BC Geographical Names

Name Details:

Name: Albion
Feature TypeClick here for a list of
Feature Types.
:
Community
StatusClick here for an explanation of Status.: Official
Relative Location: N side of Fraser River, in Maple Ridge District Municipality, New Westminster Land District
Latitude-LongitudeClick here for an explanation of Position Type.: 49°11'00''N, 122°33'00''W at the approximate population centre of this feature.
DatumClick here for an explanation of Datum.: NAD27
NTS MapClick here for an explanation of NTS Map.: 92G/2
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Origin Notes and History:

Albion (Post Office) adopted 11 February 1936 on 92 G/2, as labelled on provincial maps since 1912. Form of name changed to Albion (Community) 15 December 1982 on 92 G/2.
Source: BC place name cards, or correspondence to/from BC's Chief Geographer or BC Geographical Names Office
Albion Post Office opened 1 October 1907 situated on DL 407; William Ritchie, postmaster.
Source: BC place name cards, or correspondence to/from BC's Chief Geographer or BC Geographical Names Office
Early name of the district was East Haney. When growth brought a school and post office, and names were required for each, a committee of settlers suggested Albion, the ancient Celtic name for Britain [Albion is said to be the oldest known name for Britain, derived from the Latin "albus" (white), referring to the white chalk cliffs of southern England. Note, however, that this name was in use long before the Romans arrived. Some scholars say that albion means simply "the land" in the Celtic language.]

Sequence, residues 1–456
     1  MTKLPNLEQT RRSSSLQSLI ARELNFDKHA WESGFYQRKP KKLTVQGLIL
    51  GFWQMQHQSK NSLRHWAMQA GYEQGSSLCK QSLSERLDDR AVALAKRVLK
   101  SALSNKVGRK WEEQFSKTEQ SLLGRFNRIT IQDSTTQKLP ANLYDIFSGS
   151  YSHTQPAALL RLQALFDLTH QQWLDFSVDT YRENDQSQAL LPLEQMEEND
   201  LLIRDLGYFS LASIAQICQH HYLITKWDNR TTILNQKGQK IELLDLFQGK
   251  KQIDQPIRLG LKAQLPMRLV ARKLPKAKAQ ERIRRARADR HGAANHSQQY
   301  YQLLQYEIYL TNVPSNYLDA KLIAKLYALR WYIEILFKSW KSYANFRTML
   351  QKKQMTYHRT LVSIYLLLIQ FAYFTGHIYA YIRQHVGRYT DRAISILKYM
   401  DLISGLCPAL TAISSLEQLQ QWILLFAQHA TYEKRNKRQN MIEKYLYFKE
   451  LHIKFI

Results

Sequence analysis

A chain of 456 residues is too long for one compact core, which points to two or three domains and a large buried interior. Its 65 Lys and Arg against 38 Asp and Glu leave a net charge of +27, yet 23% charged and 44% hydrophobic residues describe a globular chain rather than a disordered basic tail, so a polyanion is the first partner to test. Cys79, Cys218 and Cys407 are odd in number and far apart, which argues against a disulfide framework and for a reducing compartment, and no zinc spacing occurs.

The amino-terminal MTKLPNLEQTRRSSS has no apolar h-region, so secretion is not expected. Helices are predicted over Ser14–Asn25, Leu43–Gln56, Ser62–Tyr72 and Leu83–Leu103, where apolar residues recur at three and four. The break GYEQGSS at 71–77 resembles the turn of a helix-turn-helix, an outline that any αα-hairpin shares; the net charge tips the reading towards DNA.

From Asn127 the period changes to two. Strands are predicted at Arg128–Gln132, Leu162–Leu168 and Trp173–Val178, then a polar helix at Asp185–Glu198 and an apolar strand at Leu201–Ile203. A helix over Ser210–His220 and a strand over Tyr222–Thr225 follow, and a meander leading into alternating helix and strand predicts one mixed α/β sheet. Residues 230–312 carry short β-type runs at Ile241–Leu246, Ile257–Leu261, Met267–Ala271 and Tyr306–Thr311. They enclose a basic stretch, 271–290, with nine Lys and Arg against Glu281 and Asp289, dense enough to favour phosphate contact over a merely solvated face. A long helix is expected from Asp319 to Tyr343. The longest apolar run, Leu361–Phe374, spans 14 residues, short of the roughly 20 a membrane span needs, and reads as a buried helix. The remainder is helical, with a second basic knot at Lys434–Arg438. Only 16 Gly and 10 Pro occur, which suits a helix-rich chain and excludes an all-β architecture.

Source: BC place name cards, or correspondence to/from BC's Chief Geographer or BC Geographical Names Office
Daily Province, 20 September 1925, tells how Alex Forrest recounted the first stopping of the trains at Albion: A lady whose weight was not to be lightly estimated asked to be allowed to get off there, and he, being the official to consult, asked the engineer to oblige, the night being too stormy for any woman to have to walk from Haney back again... A week later a number of men demanded the same priviledge saying that the lady had been accommodated a week previously, with the result that Albion became a regular stopping place for trains.
Source: Nelson, Denys; Place Names of the Delta of the Fraser River; 1927, unpublished manuscript held in the Provincial Archives